On MTB, for hookless rims it is only good to run a tubeless ready tyre, as the bead will not stretch. A non-tubeless tyre is normally made with a different material in the bead, which can stretch and is made to be held in place by the hooks.

    In the early days of MTB tubeless, we all ran normal tyres with sealant. That was where stans came in with slightly larger rims than normal to allow of normal, looser tyres to sit better, but they all had a hook.

    ac282
    Full Member

    I also had normal tyre blow right off the rim. Very loud and very messy!

    Northwind
    Full Member

    sam_underhill
    Full Member

    I think it was specialized that did some research into what the hook actually did. IRRC, on a mtb wheel, they decided it didn’t bring anything to the party.

    Yup, apparently they hired a new guy and he said “but why” and pretty much everyone else in the entire mtb wheel industry went “just because” and he went “but why” and here we are.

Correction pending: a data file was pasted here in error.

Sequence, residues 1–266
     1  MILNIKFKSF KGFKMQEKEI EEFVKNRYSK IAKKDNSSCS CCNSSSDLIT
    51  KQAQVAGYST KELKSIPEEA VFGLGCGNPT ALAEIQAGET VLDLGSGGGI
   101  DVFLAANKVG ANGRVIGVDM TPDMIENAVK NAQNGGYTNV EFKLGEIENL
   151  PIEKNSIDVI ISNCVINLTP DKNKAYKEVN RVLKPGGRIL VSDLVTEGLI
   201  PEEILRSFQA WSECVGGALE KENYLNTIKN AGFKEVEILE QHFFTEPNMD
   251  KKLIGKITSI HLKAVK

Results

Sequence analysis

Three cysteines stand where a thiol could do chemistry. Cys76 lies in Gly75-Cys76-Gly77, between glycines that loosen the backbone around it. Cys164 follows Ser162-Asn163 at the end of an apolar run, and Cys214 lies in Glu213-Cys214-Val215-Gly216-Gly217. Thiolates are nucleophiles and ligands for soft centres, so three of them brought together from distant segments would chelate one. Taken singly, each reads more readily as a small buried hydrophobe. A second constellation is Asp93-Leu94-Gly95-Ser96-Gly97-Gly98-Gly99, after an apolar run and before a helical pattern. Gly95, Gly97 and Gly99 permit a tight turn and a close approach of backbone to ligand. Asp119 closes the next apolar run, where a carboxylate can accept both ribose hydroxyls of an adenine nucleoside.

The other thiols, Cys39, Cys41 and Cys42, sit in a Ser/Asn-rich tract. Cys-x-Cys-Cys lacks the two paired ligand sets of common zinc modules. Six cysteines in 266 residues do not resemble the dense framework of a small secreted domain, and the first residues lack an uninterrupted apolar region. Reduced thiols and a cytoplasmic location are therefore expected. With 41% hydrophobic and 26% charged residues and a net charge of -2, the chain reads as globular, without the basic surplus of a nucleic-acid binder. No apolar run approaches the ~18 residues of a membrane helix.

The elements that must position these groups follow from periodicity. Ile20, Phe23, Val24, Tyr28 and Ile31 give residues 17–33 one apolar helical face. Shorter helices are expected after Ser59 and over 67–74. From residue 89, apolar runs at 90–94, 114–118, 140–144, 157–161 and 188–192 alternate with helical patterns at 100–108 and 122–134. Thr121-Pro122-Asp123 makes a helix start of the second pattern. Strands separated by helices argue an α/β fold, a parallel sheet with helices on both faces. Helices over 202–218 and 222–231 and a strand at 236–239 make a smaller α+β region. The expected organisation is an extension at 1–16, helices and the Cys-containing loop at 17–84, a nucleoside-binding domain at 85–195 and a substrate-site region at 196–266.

montgomery
    Full Member

    So is it fair to say that so long as I’m running a ‘Tubeless Ready’ tyre such as this on my hookless Mavic XA Tubeless Ready rims at c.30psi, I’m probably not going to die? I’ve ended up with these wheels kinda by accident, so I’m surprised there isn’t more specific info readily available.

    Shred
    Full Member

    Yep, should be good, just stick to TR.

    beer247
    Full Member

    I run Enve Foundation 45s on the road bike which are hookless, Enve have a webpage detailing all compatible tyres. They do have a caveat on there to say if your tyre isn’t listed check with the manufacturer to see if that specific model is compatible with a hookless rim.

    For example, those Pas Normal Studio/Pirelli colab tyres that were released a couple of weeks back, not listed on the Enve webpage but its stated on the PNS website that the 28C version is compatible with hooklees rims, but only up to 75psi.

    What is definitely not compatible are non-tubeless tyres, specialized turbo cottons for example, you run the risk of blowing the tyre off the rim at road bike pressures!

    branes
    Full Member

    I think it was specialized that did some research into what the hook actually did. IRRC, on a mtb wheel, they decided it didn’t bring anything to the party.

    I was interested in this, so went off to try to find a source. Closest I can find is this:

    https://www.velonews.com/gear/tech-faq-hooked-vs-hookless-rims-tire-choice-and-pressure-recommendations/